Photo: elevator buttons © Shane Adams via flickr.com CC BY 2.0
Last month I went to my favourite conference (the Canadian Society for Ecology and Evolution), and checked into the conference hotel. The desk clerk gave me room 1310, and I headed for the elevator and pressed the button for the 13th floor. And then I did a double-take. The 13th floor? I don’t remember ever staying on a 13th floor; in North America, at least, buildings usually hop from the 12th floor to the 14th with only a mysterious lacuna in between.
Nothing untoward happened to me on the 13th floor, of course. But my stay in room 1310 made me think about the 13-is-bad-luck superstition, and what it says about the human concepts of the universe. What kind of thinking is behind our usual no-13th-floor convention? First, we have to believe that the universe is constructed such that the 13th of something is disfavoured. Second, there has to be some agency (whether natural law or supernatural) omniscient and omnipotent enough to keep track of what things are the 13th of something (floors, days, whatever), and to punish us for being on those things. And third, that same omniscient and omnipotent agency has to be dumb enough to be hoodwinked by our labelling the 13th of something “14”.* Continue reading
If you’ve been hanging around Scientist Sees Squirrel, you’ve surely notice that I’ve written a guidebook for scientific writers. I’m biased, of course, but I think The Scientist’s Guide to Writing is pretty good – and if you write at all, I think reading it can help. (Why not go buy yourself a copy? I’ll wait.) But if you’re serious about your writing craft, I hope The Scientist’s Guide won’t be alone on your shelf. It isn’t alone on mine.
Here are a few books that I think could profitably keep The Scientist’s Guide to Writing company. (UPDATED: see the Replies thread for reader suggestions!) Continue reading
There’s not much to say about recent global events that hasn’t been said already, and better. But:
I believe each of us has just one important job: to make the world a better place for others (especially, of course, for those less privileged or less fortunate than us). We do this in large ways and in small ones; we do it at work and at home; we do it locally and around the world. It’s why we do science; it’s why we teach; it’s why we parent; it’s why we sing Happy Birthday. It’s why – or it should be why – we do pretty much everything.
Sometimes, events (or our own actions, or those of others) make this job a little easier. Sometimes they make it a little harder. Sometimes they make it a lot harder. None of that changes what our job is, and we all need to go on making the world a little bit better tomorrow than it is today.
© Stephen Heard (email@example.com) Nov. 14, 2016, licensed CC-BY-4.0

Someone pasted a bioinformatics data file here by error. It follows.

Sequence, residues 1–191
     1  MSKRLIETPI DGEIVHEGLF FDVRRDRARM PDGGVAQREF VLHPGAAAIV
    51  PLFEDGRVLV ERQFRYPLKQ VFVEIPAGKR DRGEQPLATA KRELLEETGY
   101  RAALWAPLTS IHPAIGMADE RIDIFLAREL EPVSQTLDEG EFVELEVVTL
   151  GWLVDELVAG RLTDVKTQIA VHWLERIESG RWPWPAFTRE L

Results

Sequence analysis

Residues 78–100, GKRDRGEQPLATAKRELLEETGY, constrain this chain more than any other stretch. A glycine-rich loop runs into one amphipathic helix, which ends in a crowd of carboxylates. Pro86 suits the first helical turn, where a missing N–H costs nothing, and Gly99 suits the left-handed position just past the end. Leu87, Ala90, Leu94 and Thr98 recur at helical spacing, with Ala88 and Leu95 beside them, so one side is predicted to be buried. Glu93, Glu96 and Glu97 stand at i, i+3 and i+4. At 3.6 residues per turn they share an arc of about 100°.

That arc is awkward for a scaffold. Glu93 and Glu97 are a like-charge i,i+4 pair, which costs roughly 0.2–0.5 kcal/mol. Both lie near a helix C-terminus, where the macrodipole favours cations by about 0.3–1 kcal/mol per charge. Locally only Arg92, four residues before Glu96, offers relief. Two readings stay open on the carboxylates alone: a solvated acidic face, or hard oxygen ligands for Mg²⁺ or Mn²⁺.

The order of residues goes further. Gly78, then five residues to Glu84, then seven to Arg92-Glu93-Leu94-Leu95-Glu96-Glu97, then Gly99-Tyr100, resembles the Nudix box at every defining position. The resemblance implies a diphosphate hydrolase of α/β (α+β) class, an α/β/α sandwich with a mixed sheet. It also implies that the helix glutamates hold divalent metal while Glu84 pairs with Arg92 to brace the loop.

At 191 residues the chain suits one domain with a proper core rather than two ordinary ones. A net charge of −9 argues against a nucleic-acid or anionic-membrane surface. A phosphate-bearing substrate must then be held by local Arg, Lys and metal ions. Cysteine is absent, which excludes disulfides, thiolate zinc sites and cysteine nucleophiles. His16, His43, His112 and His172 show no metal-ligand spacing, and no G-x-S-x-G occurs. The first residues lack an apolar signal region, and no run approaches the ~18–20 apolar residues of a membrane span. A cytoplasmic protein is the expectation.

I’ve been to a lot of conferences, and at every single one I’ve been issued a nametag. I don’t know how those nametags get designed, but I’m guessing it’s mostly an afterthought. That’s because they’re mostly terrible. If you think about it, that’s pretty astounding – because as easy ways to improve a conference go, better nametags are such low-hanging fruit they’re practically lying on the ground.
Here’s a good place to start: what’s a nametag for? Continue reading
Has anybody asked you yet how you spent the summer you had “off”? Did you see red?
My summer was busy. I went to three major conferences (a major feat for someone who conferences as an introvert. I read and commented on an endless river of thesis chapters and manuscripts. I did some writing of my own. And finally, since it was the summer “break”, I took two weeks of vacation – during which, controversially, I did a little bit of work.
I also posted a few things on Scientist Sees Squirrel, and if your summer was as busy as mine, you may have missed some of them. Here’s a selection.
Welcome to the new academic year!
© Stephen Heard (firstname.lastname@example.org) September 8, 2016
Images: Fisher’s model visualization, own work; update progress bar by Jeff Attaway, somewhat dubiously CC BY 2.0.
Last month, the Toronto Star newspaper launched a “new and improved” website, which is nothing short of awful. The other day, the only game app I keep on my phone pushed an update, and now it’s noticeably harder to use than it was before. I’m nursing my laptop along because Windows 8 and Windows 10 are both worse than Windows 7. Why do “updates”, “upgrades”, and “new and improved” products so often seem worse than what they replace?
R.A. Fisher knew*. Continue reading
Image: flying squirrel, Offended-by-light via deviantart.com CC BY-NC-ND 3.0
Inspired by similar exercises from Small Pond Science and The Lab and Field, I present a few of the more interesting search terms by which Scientist Sees Squirrel has been found. These are all real, I swear – and they’re only the tip of the iceberg. About 95% of searches are encrypted, so I don’t see them. Imagine what gems are buried in the encrypted searches!
If you like this sort of thing, here’s the first installment.
why the people’s quirel? scientific reason Continue reading